The debate of 2012 in the residential sector has been about stamp duty - but then it is the debate of every year, as estate agents claim thresholds at £125,000 and above deter sales, distort asking prices and are simply unfair. So might Scotland be about to show the rest of the UK the way forward?
With its devolved powers, the Edinburgh parliament is scrapping the Stamp Duty Land Tax and replacing it with a new Land and Buildings Transaction Tax from April 2015.
In case we need reminding, the UK currently has this system:
- homes costing up to £125,000 have no stamp duty;
- from £125,001 to £250,000 stamp duty is 1%;
- from £250,001 to £500,000 it is 3%;
- from £500,001 to £1m it is 4%;
- over £1 million to £2 million it is 5%;
- over £2 million in most cases it is 7%;
- over £2 million, purchased by certain persons including corporate bodies, it is 15%.
Within 16 months Scotland will instead have a new tax relating directly to the actual property value - in economic parlance, it will be progressive rather than stepped.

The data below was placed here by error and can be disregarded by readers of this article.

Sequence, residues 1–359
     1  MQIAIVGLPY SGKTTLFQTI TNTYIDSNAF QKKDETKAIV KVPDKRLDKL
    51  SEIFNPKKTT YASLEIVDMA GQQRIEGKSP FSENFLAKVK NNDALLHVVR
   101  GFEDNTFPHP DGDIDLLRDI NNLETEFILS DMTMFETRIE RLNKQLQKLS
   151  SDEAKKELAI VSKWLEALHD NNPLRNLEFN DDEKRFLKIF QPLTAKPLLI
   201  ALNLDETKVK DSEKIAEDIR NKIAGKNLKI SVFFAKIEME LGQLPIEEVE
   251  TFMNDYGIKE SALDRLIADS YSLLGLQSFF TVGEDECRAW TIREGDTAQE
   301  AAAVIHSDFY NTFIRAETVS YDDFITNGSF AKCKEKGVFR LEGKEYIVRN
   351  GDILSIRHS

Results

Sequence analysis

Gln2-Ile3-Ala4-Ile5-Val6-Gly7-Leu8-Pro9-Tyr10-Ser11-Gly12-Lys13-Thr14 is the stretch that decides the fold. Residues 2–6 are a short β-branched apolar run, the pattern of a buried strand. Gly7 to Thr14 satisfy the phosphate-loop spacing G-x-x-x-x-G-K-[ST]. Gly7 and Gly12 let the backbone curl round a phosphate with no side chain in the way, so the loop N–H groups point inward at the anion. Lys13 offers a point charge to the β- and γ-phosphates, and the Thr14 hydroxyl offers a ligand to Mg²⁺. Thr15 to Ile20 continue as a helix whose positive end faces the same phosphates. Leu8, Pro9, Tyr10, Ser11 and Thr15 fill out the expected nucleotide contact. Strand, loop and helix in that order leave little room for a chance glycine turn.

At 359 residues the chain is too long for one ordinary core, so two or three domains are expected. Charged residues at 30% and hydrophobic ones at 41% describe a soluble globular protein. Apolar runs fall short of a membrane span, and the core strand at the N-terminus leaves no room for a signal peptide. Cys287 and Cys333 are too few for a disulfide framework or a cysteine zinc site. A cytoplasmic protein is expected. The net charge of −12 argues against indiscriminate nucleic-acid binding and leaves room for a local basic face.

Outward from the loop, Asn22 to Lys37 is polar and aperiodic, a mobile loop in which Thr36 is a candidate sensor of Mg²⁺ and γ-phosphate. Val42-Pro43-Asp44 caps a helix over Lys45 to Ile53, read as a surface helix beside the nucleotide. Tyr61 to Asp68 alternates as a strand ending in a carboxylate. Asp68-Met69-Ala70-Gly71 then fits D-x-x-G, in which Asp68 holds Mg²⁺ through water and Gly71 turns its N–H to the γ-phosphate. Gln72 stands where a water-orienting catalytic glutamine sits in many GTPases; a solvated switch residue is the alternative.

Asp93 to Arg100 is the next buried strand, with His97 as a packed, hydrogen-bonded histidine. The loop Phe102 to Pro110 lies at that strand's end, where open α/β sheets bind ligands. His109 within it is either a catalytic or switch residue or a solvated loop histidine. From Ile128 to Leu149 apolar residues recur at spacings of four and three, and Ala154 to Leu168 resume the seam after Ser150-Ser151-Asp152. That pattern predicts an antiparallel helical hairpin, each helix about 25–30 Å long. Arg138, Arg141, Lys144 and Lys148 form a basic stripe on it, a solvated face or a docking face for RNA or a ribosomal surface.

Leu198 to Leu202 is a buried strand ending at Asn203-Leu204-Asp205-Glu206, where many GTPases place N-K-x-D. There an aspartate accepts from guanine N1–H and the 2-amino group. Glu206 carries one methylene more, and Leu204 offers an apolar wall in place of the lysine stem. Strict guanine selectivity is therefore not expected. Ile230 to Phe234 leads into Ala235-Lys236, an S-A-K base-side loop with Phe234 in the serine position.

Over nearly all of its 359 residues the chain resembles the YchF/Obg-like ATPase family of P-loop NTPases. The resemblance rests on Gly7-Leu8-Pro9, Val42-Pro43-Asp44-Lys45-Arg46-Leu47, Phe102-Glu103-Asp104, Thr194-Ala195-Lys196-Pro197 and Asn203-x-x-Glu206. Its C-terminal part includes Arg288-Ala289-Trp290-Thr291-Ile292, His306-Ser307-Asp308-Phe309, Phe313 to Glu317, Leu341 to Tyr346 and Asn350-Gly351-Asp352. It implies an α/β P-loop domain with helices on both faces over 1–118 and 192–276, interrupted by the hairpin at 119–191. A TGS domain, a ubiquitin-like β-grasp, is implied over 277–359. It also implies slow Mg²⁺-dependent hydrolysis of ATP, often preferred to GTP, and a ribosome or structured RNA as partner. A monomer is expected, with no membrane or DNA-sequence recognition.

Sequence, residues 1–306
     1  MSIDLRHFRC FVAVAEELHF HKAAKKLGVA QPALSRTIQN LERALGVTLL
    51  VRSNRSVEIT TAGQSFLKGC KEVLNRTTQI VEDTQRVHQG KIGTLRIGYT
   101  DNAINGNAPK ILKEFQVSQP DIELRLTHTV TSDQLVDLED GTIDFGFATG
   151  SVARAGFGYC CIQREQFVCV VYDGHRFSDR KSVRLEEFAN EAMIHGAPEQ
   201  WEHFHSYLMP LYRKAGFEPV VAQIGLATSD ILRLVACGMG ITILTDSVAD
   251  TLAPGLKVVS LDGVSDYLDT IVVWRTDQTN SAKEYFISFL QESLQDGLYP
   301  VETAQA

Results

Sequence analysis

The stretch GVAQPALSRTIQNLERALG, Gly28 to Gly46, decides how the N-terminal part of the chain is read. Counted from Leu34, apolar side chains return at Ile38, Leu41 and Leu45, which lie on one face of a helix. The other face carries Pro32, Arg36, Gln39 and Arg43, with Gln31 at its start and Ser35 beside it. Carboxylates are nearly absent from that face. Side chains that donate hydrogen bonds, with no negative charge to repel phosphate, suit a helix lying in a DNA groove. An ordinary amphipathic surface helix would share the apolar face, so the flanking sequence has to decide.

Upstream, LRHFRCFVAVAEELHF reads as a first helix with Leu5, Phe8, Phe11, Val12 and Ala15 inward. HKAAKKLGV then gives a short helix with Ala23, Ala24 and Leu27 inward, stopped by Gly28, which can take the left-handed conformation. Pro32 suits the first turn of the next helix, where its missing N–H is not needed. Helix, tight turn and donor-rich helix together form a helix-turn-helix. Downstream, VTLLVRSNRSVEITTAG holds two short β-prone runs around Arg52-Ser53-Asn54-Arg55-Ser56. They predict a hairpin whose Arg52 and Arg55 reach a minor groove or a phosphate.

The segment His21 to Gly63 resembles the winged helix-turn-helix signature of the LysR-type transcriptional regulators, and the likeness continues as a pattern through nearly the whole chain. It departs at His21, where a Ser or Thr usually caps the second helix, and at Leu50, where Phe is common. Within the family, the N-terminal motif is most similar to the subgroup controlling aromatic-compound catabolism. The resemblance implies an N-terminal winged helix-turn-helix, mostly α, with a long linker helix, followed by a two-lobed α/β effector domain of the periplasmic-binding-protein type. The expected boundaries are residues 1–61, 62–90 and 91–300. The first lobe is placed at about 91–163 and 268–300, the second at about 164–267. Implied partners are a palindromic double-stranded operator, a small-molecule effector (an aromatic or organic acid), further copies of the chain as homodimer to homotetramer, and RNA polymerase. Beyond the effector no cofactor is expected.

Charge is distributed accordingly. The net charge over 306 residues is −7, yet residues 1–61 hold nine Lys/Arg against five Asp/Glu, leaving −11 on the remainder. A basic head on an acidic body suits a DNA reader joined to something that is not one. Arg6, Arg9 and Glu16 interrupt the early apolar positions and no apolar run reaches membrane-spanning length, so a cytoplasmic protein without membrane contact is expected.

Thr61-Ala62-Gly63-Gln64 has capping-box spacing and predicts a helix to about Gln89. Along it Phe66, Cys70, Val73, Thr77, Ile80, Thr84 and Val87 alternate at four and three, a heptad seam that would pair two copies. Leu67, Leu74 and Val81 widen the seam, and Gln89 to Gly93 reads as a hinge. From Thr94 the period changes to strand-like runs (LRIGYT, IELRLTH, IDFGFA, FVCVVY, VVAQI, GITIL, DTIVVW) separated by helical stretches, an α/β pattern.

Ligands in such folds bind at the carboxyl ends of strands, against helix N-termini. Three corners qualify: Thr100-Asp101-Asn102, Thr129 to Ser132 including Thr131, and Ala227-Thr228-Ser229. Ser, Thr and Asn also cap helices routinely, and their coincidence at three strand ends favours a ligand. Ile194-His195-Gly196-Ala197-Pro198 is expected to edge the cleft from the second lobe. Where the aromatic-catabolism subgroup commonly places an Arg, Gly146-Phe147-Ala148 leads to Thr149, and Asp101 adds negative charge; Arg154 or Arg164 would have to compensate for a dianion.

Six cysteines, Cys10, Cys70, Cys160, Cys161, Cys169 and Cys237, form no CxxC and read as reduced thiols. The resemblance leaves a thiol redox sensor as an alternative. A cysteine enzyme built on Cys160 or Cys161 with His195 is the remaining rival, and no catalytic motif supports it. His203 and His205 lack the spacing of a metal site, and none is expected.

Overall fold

The actual tax level will not be set until 2014 but Holyrood ministers have already hinted that it may be 0% up to £180,000. They have consulted on a possible (but by no means definite) gradual tax thereafter, that runs like this:
For a home costing £190,000 the tax would be £750;
- £200,000 / £1,500
- £250,000 / £5,250
- £300,000 / £9,000
Now at this level, roughly, the tax would be less or the same as UK stamp duty would currently be. But for homes above £300,000 the Scottish tax-take may be more than would be the case under UK stamp duty, although it would be ‘graduated’ rather than stepped, so may lead to fewer price pinch points than currently exist at the stamp duty thresholds.
The Scottish consultation suggested a £400,000 home would have £16,500 tax, a £500,000 home would have £24,000 tax, and a £1m home some £61,500 tax. A £2m home would incur £149,000 tax.
Purists and economic liberals will say any tax distorts a market but real-politik suggests there will always be some duty applied to such large-scale purchases.
So a more sensible question is, given that Scotland and the rest of the UK will still be in the middle of a long-term recovery in 2015, is this more progressive tax better or worse for the housing market?
As we mark the end of 2012, no doubt with a nod to Scottish tradition, that’s a question to ponder. And expect it to be the focus of much debate in 2013, too.
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